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Somalia On Edge Of All-Out War As Talks Collapse
By Ali Musa Abdi
Khartoum , Sudan, November 02, 2006 – Somalia's weak government and the powerful Islamists on Thursday traded barbs, escalating fears of a full-scale war, a day after peace talks aimed at easing tension in the Horn of Africa nation collapsed.
As threats of war mounted at home, neighboring Ethiopia warned that the Islamists were "making conflict inevitable" by refusing to meet the country's weak government for peace talks in Khartoum.
Despite intense last-ditch intervention by diplomats, the Islamists refused to participate in the talks until Ethiopian forces deployed in Somalia pull out, while the government rejected the mediator's plea for a formal delay in negotiations.
"The Islamic courts are responsible for the failure of the talks in Khartoum. Their pre-conditions showed their desire of turning Somali into a battlefield," said chief government negotiator Abdillahi Sheikh Ismail.
Ismail warned that the government would not sit and watch as the Islamists violate previous agreements, notably a truce and mutual recognition pact.
"The government of Somalia has the right to take all the necessary action to secure the whole of Somalia," added Ismail, also deputy prime minister.
"We will not sit and watch while criminal acts of the Islamic courts devastate Somalia. Our hands will not be tied, we will act very soon," he added.
But the Islamists said the talks collapsed because Ethiopia refused to heed calls to pull out thousands of troops deployed to protect the government in Baidoa, 250km north-west of the capital, from a feared Islamic advance.
In Mogadishu, the Islamists, who blame Ethiopia for the collapse of the talks, said Addis Ababa had already sent 12 000 forces into parts of south-central Somalia who are ready to launch attacks.
"The talks collapsed because of Ethiopian troops," said Sheikh Sharif Sheikh Ahmed, the head of the Islamists' executive committee.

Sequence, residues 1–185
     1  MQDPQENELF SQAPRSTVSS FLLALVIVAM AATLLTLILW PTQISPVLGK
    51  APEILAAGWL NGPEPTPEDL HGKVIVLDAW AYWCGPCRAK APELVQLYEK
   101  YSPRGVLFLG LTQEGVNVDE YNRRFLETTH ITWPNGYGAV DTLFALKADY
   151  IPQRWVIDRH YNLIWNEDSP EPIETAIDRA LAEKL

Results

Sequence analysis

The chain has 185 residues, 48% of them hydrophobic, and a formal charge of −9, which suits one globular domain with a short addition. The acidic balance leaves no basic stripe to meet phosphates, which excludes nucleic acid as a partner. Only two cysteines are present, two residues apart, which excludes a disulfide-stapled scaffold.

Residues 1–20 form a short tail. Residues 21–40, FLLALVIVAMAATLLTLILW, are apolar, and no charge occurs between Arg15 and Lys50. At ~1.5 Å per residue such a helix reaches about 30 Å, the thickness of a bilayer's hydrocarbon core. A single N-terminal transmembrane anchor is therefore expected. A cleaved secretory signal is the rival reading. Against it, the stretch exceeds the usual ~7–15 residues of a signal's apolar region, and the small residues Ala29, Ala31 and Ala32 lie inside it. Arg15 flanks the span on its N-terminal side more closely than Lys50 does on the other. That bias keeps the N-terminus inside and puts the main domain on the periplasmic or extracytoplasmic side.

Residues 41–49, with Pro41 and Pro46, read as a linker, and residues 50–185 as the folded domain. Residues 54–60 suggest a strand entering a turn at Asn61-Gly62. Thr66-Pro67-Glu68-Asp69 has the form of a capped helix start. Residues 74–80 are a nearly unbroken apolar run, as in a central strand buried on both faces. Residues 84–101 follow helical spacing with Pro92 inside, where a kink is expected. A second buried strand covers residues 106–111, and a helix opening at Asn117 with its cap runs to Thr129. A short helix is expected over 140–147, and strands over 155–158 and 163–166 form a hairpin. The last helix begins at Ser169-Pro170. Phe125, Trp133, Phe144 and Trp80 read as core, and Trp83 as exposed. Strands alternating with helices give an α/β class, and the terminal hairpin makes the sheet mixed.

"We can confirm that there are 12 000 Ethiopian forces inside Somali territory. They are going to attack us and take our country and that will not happen by the wishes of Allah," Ahmed told thousands of soldiers from the former Somali army, now a militia, in southern Mogadishu.
In a blunt assessment of the worsening situation in Somalia, the Ethiopian foreign ministry blamed "extremist" Islamists for the failure of the talks and looming war.
"The extremists who are setting the tone are not for peace, they are making conflict inevitable," ministry spokesperson Solomon Abebe said.
"From the peace talks, we can understand that the extremists are not serious about peace," he told Agence France-Presse, accusing the Islamists of deception by refusing to meet with the government until Ethiopian troops allegedly in Somalia withdraw.
"They have used it to buy time and their excuse is lame excuse," Abebe said.
Reports by an independent panel monitoring the United Nations arms embargo on Somalia said there were up to 8 000 Ethiopian and 2 000 Eritreans supporting rival sides.
Ethiopia accused the Islamists of having links with Osama bin Laden's al-Qaeda network, but they say they are only interested in restoring law and order in the country.
The rising influence of the Islamists, who control much of the south, has threatened the authority of the government.
They swapped accusations as tension mounted in south-central Somalia, where the rivals reinforced their defenses, a day after artillery, rockets and mortars were fired into the air in shows of force over a 20k no-man's land separating them near Baidoa.
All fear a full-scale war that could embroil the Horn of Africa region in conflict, drawing in arch-foe neighbors Ethiopia and Eritrea, who are accused of backing the rival Somali factions.
Ethiopia and Eritrea are suspected by many to be using Somalia as a proxy battlefield for their unresolved 1998 to 2000 border war and there are fears that they could be drawn into a conflict between the Islamists and Somali government.
Somalia has been without a functioning central administration since the 1991 ousting of strongman Mohamed Siyad Barre and the government has been wracked by infighting and its inability to assert control over much of the country.
More than a dozen internationally backed attempts have failed to restore peace in Somalia, a lawless nation of about 10-million that has also been ravaged by natural calamities, notably famine and floods.